Setup Wizard, Screen 1

5 Generate a Mobile App that Uses your Service
Next, you can download an automatically generated app for the platform you've selected, pre-wired up to talk to the service you just provisioned. To do so, click the Create a New App link. This will walk you through 1) installing the SDK you need for your mobile project, 2) creating a database table, and 3) downloading and running your app. The app and database will initially be for a ToDo database, but you can amend the database and app to your liking once you're done with the wizard.

Generating a Mobile Client App for Android
In the next section, we'll review how to build and run the app that you generated, and how to view what's happening on the back end.

Building and Running a Generated Mobile App
Let's walk through building and running the To Do app the portal auto-generates for you. The mobile client download is a zip file, which you should save locally, Unblock, and extract to a local folder. Next, you can open the project and run it--it's that simple to get started.

Running the App
When you run the app, you'll see a simple ToDo app--one that is live, and uses your back-end in the cloud for data storage. Run the app and kick the tires by adding some tasks. Enter a task by entering it's name and clicking Add. Delete an item by touching its checkbox.

To Do app running on Android phone

Viewing the Data
Now, back in the Windows Azure portal we can inspect the data that has been stored in the database in the cloud. Click on the Data link at the top of the Windows Azure portal for your mobile service, and you'll see what's in the ToDo table. It should match what you just entered using the mobile app.

Database Data in the Cloud

Dynamic Data
One of the great features of Windows Azure Mobile Services is its ability to dynamically adjust its data model. This allows you to change your mobile app's data structure in code, and the back-end database will automatically add new columns if it needs to--all by itself.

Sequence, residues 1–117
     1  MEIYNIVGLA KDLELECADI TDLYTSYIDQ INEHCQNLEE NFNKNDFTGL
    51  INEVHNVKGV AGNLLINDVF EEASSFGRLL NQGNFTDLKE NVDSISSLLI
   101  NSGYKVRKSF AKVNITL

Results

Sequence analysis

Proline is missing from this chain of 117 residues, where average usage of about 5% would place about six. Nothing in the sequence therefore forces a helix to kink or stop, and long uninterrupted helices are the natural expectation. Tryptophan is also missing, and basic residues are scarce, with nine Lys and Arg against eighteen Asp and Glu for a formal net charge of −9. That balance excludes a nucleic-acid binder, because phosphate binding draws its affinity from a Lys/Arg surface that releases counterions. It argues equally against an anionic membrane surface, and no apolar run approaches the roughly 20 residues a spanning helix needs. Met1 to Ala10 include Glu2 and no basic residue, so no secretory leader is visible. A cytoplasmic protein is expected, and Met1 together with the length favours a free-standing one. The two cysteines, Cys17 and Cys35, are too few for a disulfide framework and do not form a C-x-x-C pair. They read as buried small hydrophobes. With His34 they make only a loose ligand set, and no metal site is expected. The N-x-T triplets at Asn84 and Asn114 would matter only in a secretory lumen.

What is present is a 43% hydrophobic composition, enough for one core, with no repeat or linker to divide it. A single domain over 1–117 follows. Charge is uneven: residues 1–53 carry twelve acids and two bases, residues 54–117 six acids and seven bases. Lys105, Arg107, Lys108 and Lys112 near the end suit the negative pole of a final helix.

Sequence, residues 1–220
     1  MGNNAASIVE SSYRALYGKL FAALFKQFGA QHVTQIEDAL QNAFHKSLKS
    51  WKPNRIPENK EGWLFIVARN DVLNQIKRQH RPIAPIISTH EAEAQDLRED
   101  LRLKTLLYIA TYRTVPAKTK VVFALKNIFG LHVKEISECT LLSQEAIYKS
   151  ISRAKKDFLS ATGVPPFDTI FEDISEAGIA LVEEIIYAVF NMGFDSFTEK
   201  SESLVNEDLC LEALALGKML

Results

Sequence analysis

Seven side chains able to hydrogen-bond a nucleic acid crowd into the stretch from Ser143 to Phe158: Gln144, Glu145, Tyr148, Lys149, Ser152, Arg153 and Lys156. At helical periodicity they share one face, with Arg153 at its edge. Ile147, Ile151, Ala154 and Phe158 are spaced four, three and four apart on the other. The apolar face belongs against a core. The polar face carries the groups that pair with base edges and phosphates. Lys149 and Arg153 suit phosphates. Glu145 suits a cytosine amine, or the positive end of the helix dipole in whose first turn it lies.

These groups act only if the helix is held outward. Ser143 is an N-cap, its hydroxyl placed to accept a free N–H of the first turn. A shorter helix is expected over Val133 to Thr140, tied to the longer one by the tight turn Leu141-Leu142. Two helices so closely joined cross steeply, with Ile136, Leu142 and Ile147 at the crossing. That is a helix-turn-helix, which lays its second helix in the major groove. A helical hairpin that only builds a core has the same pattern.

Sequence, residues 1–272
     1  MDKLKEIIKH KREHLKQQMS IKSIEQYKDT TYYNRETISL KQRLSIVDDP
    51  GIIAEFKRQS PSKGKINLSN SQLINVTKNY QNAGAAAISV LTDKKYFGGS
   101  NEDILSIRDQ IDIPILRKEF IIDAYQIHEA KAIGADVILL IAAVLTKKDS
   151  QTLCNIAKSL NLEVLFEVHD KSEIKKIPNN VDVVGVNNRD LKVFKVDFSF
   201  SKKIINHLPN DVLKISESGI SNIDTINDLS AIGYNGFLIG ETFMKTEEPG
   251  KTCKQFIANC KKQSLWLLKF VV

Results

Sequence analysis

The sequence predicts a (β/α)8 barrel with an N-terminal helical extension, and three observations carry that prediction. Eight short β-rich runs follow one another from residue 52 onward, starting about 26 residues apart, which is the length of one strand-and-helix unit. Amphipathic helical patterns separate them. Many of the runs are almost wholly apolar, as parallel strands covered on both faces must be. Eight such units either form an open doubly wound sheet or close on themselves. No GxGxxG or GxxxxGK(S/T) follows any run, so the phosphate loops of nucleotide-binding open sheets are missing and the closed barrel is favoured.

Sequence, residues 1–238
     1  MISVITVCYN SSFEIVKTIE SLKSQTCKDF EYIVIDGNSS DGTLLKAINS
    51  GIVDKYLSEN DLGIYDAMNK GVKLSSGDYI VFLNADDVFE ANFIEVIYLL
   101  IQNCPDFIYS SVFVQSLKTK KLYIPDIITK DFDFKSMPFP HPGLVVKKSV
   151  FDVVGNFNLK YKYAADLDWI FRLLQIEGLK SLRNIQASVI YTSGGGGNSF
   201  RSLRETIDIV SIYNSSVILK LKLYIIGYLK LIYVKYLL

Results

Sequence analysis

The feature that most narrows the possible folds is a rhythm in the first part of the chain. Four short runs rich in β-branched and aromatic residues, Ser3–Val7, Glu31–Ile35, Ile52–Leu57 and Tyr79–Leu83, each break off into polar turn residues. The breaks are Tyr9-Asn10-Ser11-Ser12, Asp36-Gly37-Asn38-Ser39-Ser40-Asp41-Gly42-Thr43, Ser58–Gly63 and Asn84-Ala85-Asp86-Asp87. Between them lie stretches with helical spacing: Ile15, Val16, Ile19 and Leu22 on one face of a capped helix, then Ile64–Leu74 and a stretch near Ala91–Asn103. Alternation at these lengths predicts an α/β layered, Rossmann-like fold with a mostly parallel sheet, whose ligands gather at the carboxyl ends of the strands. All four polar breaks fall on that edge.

Get Started with Data in Mobile Services
Android    iOS    Windows Phone    Windows 8    HTML5

Dynamic data is a great feature, but some people won't want it enabled, perhaps once you're all ready for production use. You can enable or disable the feature in the Configure page of the portal.

Server-side Logic
Windows Azure Mobile Services happens to use node.js, which means server-side logic is something you write in JavaScript.

Mobile Services Server Script Reference

You can have scripts associated with your database table(s), where operations like Insert, Update, Delete, or Read execute script code. You set up these up on the Data page of the portal for your mobile service.

Database Action Scripts
Here's an example of a Read script that restricts processing to only return results owned by the current authenticated user:
function read(query, user, request) {    
        owner: user.userId

You can also set up scheduled scripts, which run on a schedule. On the Schedule page of the portal, click Create a Scheduled Job to define a scheduled job.

Creating a Scheduled Job

Once you've define a scheduled job, you can access it in the portal to enter script code and enable or disable the job.

Setting a Job's Script Code

You can authenticate against Microsoft accounts, Facebook, Twitter, or Google. This involves registering your app for authentication and configuring Mobile Services; restricting database table permissions to authenticated users; and adding authentication to the app.

Get Started with Authentication
Android    iOS    Windows Phone    Windows 8    HTML5

Push Notifications
Push notifications support is provided for each mobile platform. Tutorials acquaint you with the registration and code steps needed to implement push notifications for  each platform,

Get Started with Push Notifications
Android    iOS    Windows Phone    Windows 8    HTML5

Windows Azure Mobile Services provides a fast and easy mobile back-end in the cloud. It offers the essential capabilities you need in a back end and supports the common mobile platforms. If you're comfortable expressing your server-side logic in node.js JavaScript, this is a compelling MBaaS to consider.